Apple’s iWatch: boom or bust?
Rumours have been circulating all week about Apple’s smartwatch, the tech giant’s first serious venture into wearable devices. Tech-savvy traders must now decide how to best react to the murmurs and the market anticipation.
According to industry insiders, Apple plans to release multiple versions of its “iWatch” (as the media are calling it), launching as early as October this year. The product will directly compete with Google, Sony, Samsung and a number of start-ups who have also turned to smart watches and wearable devices. The firms hope to profit from this new market of small sensors, flexibility screens, and wireless connectivity between devices. Apple’s watch is reported to include a 2.5-inch touch screen and wireless charging.
Is there enough consumer demand, however? After all, even the most basic phone can tell the time. Just 2 mln smartwatches were purchased last year according to Strategy Analysis. That’s a tiny fraction of the 50 to 60 mln units that Apple aim to sell in the first year of its product’s release, according to reports in Reuters and the Wall Street Journal.
It is of course possible that Apple’s estimates are overly keen as part of its attention-grabbing marketing strategy. Nonetheless, there is sufficient reason to believe that if any firm can break so strongly into this market, and in effect create the market, then Apple can. CEO Tim Cook has pledged to push wearable devices, stating at a conference last year that “there are lots of gadgets in this space right now, but there’s nothing great out there.”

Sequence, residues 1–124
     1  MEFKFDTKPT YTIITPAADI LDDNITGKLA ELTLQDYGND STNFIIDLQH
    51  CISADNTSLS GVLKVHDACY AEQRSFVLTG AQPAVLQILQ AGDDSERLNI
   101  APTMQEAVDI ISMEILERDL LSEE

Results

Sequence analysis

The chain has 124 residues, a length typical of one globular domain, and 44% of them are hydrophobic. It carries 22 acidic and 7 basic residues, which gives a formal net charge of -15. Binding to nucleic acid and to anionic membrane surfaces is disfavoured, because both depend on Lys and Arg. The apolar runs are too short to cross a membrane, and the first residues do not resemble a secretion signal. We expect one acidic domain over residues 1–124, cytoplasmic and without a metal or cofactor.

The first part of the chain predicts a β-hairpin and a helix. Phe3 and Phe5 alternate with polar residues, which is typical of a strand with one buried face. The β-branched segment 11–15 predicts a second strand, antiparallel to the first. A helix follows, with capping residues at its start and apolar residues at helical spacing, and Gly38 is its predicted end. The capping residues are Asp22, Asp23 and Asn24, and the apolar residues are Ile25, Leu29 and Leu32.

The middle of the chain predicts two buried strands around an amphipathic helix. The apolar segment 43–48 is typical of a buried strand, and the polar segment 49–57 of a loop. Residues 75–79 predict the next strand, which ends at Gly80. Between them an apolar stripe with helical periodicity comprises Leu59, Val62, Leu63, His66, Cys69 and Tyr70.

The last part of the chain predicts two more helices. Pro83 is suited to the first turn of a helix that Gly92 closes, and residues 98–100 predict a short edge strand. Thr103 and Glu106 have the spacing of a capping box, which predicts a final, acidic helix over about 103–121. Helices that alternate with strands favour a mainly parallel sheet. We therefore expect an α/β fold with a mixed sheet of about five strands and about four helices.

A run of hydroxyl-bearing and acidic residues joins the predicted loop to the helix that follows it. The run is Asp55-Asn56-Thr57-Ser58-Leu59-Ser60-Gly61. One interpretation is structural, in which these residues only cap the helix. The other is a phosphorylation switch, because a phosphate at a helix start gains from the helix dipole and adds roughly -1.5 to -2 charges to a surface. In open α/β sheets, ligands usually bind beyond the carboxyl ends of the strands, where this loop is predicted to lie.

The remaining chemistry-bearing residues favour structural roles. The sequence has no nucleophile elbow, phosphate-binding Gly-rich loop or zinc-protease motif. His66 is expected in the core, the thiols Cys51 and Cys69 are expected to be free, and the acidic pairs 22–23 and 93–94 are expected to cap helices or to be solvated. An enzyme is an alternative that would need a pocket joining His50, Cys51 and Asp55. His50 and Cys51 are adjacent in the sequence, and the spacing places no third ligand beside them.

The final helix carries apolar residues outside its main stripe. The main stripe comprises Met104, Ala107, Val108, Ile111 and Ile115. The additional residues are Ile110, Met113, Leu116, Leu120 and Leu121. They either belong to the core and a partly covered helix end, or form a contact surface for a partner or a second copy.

Apple’s thinking seems to be to outdo similar products by producing not simply a watch but a health and fitness accessory. Aside from its incredibly loyal fan base, the company’s ability to design both software and hardware will give it a competitive advantage, as well the fact that it has reportedly hired several designers and engineers from the fashion and medical industries.
It is said to be working on using as many as ten advanced sensors to track data such as blood pressure and hydration levels. A report on the 9to5Mac blog reveals that the firm is employing professional athletes to test the features on its upcoming device, leading to speculation that the same sportsmen will also help to promote the end product.
Talk about the watch will feed the appetites of investors who have been questioning what Apple’s next major product launch will be. It indicates that the firm is not simply relying on share buybacks and stock splits, but is also returning to its innovative roots in order to increase its share price.
At present, Apple is set to grow earnings by over 10% this year, but that figure could certainly fluctuate. Although the i Watch could be an added source of income to compensate for the slowing growth in tablet and phone sales, it remains to be determined exactly how strong the sales of the product will be. Over the coming months, as more details about the device is leaked, including functionality and price points, traders should watch out for data on consumer demand and realistic sales targets.